The armored cruiser SMS Scharnhorst was the flagship of Graf Spee’s East Asia squadron with the base in Tsingtao. In consideration of the British naval rule, the meteoric rise of the sea hero von Spee and his squadron could only end in the same way. But before he could be cornered, he gave the British Royal Navy the first major defeat at sea in two and a half centuries.
Here to Part I: Armored cruiser Scharnhorst.
The British Royal Navy had suffered a devastating defeat in the Battle of Coronel. Nevertheless, von Spee seemed to be unenthusiastic about his success. Although he had suffered no significant damage (only six minor hits and two wounded men), he used almost half (42 per cent) of his ammunition for the heavy guns.
Now there was little prospect of more success, he was still 10,000 miles (16,000 km) away from home, and he was too aware that the world’s largest naval power, after her historic naval defeat, would now do everything in its power to bring him down. His squadron was doomed and von Spee knew it.
The day after the battle of Coronel, he arrived in Valparaiso to load coal, but refused to take part in the victory celebrations in his honor.
For a short time he had brought the trade of nitrate, copper and tin from Chile and Peru to a standstill and sunk two British armored cruisers, while otherwise the Allied trade in the region of La Plata continued undisturbed.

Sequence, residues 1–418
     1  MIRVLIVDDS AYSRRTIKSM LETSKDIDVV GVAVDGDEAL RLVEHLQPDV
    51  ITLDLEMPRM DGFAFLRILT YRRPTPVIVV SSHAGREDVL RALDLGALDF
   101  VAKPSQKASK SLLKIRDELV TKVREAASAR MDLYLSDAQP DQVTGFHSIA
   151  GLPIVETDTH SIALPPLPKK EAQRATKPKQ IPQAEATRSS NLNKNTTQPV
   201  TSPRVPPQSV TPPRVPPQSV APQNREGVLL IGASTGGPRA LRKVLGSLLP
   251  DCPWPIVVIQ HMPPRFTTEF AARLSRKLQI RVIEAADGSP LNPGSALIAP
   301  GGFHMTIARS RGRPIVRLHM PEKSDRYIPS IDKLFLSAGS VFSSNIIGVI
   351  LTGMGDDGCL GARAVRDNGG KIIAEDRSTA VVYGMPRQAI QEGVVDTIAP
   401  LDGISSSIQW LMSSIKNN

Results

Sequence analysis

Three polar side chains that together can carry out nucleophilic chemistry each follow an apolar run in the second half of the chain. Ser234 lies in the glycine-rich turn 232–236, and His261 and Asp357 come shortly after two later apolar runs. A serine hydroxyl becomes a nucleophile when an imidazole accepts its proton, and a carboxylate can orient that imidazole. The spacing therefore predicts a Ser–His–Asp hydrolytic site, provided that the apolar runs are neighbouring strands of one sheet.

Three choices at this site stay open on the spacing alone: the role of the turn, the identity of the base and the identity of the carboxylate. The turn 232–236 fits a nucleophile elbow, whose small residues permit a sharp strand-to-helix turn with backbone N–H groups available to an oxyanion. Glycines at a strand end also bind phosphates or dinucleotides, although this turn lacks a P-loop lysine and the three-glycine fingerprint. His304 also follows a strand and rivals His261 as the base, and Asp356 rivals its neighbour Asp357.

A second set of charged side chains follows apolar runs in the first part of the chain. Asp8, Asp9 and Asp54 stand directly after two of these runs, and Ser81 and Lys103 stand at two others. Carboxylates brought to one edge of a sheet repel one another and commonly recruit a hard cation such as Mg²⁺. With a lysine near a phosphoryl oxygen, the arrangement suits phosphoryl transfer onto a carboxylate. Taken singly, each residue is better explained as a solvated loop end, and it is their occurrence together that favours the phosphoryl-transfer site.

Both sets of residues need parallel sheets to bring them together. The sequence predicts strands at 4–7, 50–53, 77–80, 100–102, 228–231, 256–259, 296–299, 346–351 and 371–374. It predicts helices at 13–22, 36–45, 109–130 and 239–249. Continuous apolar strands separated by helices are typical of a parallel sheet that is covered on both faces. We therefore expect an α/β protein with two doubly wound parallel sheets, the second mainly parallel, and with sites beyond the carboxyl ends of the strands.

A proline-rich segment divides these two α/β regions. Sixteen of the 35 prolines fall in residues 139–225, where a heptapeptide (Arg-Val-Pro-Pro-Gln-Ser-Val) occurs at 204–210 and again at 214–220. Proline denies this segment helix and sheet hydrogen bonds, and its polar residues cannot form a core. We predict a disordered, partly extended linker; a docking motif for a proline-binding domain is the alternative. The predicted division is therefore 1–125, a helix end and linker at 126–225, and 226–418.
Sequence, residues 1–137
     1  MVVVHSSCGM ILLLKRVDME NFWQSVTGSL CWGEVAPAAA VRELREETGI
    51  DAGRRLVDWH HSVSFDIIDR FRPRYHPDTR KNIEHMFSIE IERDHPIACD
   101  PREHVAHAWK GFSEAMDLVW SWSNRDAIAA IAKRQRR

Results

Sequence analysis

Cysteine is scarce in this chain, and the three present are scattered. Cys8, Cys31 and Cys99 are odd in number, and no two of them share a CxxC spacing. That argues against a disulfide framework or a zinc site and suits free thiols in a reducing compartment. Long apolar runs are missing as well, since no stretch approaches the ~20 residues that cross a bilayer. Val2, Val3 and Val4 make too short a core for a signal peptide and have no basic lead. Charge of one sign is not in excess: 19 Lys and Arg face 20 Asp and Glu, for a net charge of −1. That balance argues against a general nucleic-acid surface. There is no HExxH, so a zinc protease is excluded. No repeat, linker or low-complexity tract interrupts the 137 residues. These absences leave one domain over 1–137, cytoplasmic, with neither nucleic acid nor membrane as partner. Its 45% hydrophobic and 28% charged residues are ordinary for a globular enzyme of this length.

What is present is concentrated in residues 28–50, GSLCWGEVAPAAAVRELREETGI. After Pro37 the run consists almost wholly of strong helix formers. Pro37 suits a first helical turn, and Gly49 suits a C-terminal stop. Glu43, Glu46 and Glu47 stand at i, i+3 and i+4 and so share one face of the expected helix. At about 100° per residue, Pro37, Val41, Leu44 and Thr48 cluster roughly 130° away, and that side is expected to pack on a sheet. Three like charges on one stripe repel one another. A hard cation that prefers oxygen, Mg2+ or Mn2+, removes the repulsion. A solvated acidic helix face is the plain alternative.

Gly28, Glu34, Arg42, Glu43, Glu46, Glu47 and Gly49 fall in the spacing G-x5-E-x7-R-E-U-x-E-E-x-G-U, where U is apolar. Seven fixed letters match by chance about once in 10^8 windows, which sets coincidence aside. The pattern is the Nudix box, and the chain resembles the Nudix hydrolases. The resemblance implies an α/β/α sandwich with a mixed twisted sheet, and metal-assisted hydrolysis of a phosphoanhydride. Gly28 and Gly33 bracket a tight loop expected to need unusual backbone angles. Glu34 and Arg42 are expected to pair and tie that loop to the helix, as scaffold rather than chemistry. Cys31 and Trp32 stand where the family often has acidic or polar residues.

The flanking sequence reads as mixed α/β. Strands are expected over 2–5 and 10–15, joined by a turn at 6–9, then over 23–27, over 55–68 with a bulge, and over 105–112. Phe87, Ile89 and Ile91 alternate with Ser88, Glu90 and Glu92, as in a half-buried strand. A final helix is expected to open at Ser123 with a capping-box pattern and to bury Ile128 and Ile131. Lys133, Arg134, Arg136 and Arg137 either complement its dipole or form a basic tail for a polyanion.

Battle of the Falklands
It may have been possible to quickly circumnavigate Cape Horn and then erupt into the vastness of the South Atlantic to improve the likelihood of his escape, but von Spee seemed to have been plagued by a certain indecision again.
First he wasted his time at the remote island of Mas-a-Fuera and then anchored off the desolate Chilean coast north of the Magellan Strait.
It was not until 26 November, 25 days after the Battle of Coronel, that he ran full speed towards the Falkland Islands. There he wanted to destroy the important radio station and the remains of Cradock’s squadron, capture the British governor and destroy all stocks he didn’t need for his own use.
Although it was now summer in the southern hemisphere, there was terrible weather around Cape Horn and the squadron did not circumnavigate it until the night of December 1 to 2, 1914. Early in the morning of December 2, a Canadian sailing ship loaded with coal was sighted. Since von Spee always thought of his long way home, he brought the ship into sheltered waters and spent three days reloading its coal.
The morning of 8 December 1914 began with bright light and clear weather. At this time, Gneisenau, supported by the following Nuremberg, was on his way off the coast of Eastern Falklands towards the port of Stanley, while von Spee with the rest of the squadron approached from the south.
The main batteries were already aligned on the radio station when suddenly the water splashes of a volley of two shots of large-caliber cannons were seen in front of the German ships ahead of the coast. A second volley followed, which hit close enough to hurl fragments of shells onto the upper deck of the Gneisenau.
The two German ships running along the coast finally circumnavigated the promontory that protected the harbor. At 9:40 their crews could then see the smoke and the high tripod masts, which could only belong to British capital ships. Von Spee had wasted too much time !